Really, as Iyengar explained in his texts, you can learn all you need to know in five minutes. The basics are surprisingly simple and there are many good resources out there: classes, books, websites and apps. But meditation is a skill that requires commitment and practice, just like any other. It’s all about practice – you never stop learning. You need to practice every day, but not for long: the good news is that five minutes a day is enough to achieve wonders…… and who can’t spare five minutes a day to become a happier individual?


How do you know if you are actually meditating or just sitting quietly?

Ha ha! That’s a good one. Meditation requires a focused and concentrated effort, but you emerge from it with more energy than you started with. ‘Sitting quietly’ doesn’t achieve that.

Yoga philosophy tells us that in meditation you generate and channel prana (life energy). Other esoteric approaches say that meditation helps align or energise your chakras, or receive energy from the universe. The western scientific belief is that when we meditate we are ‘rewiring’ the electrical paths of our nervous system and optimising our biochemistry.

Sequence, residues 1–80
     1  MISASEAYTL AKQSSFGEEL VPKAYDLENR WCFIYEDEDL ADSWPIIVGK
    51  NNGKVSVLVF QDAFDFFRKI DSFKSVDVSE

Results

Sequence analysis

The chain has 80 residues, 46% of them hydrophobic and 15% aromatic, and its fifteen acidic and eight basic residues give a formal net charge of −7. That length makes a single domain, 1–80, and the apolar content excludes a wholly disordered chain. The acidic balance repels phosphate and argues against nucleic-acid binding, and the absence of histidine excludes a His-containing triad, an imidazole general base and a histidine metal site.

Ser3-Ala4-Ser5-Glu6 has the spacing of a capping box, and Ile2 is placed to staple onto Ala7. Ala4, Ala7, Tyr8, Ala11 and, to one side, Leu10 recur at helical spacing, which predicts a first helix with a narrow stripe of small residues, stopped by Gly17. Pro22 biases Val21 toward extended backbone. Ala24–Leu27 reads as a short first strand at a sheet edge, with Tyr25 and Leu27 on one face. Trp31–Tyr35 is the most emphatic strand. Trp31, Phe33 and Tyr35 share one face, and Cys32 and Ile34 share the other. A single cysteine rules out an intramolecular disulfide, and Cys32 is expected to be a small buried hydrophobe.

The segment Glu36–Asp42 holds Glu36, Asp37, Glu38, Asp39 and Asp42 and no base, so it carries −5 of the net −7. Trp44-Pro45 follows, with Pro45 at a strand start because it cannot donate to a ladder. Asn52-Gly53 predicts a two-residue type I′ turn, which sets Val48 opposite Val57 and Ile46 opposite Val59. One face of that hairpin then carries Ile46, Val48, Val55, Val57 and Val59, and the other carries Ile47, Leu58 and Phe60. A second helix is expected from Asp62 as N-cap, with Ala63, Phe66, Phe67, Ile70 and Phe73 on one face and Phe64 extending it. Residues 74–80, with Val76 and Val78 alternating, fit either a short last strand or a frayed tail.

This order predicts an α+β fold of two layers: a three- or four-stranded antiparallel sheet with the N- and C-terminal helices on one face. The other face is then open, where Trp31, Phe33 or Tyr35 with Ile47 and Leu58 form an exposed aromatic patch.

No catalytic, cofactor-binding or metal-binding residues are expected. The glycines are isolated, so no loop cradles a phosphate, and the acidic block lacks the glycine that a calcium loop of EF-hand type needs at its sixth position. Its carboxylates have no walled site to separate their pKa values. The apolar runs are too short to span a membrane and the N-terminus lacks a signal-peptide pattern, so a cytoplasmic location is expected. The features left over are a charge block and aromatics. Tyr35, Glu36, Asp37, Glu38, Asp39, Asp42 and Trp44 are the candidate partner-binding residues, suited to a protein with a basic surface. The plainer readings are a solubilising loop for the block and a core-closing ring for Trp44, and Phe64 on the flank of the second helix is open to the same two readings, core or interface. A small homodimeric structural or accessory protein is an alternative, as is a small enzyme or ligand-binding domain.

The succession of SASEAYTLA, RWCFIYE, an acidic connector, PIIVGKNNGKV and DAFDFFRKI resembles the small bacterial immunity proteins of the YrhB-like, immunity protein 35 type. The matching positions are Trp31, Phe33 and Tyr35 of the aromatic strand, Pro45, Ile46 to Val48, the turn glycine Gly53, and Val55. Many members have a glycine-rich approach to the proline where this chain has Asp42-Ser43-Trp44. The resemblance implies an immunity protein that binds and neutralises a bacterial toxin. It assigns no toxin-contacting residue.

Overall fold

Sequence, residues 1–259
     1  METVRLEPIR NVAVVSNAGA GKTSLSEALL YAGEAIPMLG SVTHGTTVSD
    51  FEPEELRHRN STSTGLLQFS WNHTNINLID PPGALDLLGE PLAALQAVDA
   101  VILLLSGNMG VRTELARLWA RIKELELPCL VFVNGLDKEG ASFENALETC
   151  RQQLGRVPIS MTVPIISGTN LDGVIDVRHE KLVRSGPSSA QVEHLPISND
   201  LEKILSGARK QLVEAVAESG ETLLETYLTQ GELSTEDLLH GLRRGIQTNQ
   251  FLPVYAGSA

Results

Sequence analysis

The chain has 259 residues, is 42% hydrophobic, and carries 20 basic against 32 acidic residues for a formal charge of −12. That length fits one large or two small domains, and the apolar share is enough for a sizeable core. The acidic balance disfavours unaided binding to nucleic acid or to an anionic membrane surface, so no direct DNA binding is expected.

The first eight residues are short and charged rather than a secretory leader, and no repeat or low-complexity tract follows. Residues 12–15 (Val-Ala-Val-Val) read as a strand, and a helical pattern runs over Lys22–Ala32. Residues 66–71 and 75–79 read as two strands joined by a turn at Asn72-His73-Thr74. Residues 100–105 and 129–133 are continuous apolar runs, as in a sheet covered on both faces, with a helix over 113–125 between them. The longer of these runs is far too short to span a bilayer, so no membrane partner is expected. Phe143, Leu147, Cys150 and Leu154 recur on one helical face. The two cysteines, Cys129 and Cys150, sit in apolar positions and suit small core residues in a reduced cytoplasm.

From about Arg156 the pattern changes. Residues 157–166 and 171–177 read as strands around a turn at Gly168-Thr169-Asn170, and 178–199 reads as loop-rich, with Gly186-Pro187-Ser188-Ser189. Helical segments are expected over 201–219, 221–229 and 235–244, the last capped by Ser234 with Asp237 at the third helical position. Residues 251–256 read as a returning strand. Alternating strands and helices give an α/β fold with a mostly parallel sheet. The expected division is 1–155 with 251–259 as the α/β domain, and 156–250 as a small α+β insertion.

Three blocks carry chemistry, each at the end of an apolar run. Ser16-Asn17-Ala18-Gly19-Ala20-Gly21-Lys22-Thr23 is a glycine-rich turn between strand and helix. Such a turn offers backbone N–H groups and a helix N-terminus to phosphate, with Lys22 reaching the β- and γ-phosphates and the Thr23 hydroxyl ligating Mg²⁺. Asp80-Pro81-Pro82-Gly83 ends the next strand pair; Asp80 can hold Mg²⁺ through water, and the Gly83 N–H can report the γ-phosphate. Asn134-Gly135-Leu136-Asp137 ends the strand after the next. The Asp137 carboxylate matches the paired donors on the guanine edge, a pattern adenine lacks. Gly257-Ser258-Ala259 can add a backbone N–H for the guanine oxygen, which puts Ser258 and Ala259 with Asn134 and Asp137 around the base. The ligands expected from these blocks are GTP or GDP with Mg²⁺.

I know you have a scientific background, is it at odds with the yogic tradition of meditation?

I find it fascinating that meditation has been around for 4-5,000 years, and science is only now discovering what yogis and meditators have known for a very long time. Last year I attended the International Symposium for Contemplative Research, a gathering of around 400 amazing scientists, teachers and social workers. All of them use or study some form of meditation.

We now know about the neuroplasticity of the brain, that the electrical pathways that exist in our brains change in response to stimuli. We can train them in the same way we would work a muscle at the gym. In meditation, we stimulate those regions of the brain that make us calmer, more focused, happier.

Research also shows that meditation alters our cells at a molecular layer. This translates into, among other benefits, lower cortisol levels, better inflammatory responses, lower blood pressure, an enhanced immune system. This research is in its infancy: who knows what we will have learnt in a hundred years from now?


What are the most read / loved books on your bookshelf?

I recommend two meditation books: Wherever you go, there you are by Jon Kabat-Zinn, a pioneer of bringing meditative practices to the west. His book is beautiful. Also, The Joy of Living by Yongey Mingyur Rinpoche, a meditation master who explains very complex ideas in amazingly simple and beautiful ways. Both books are full of soul and joy.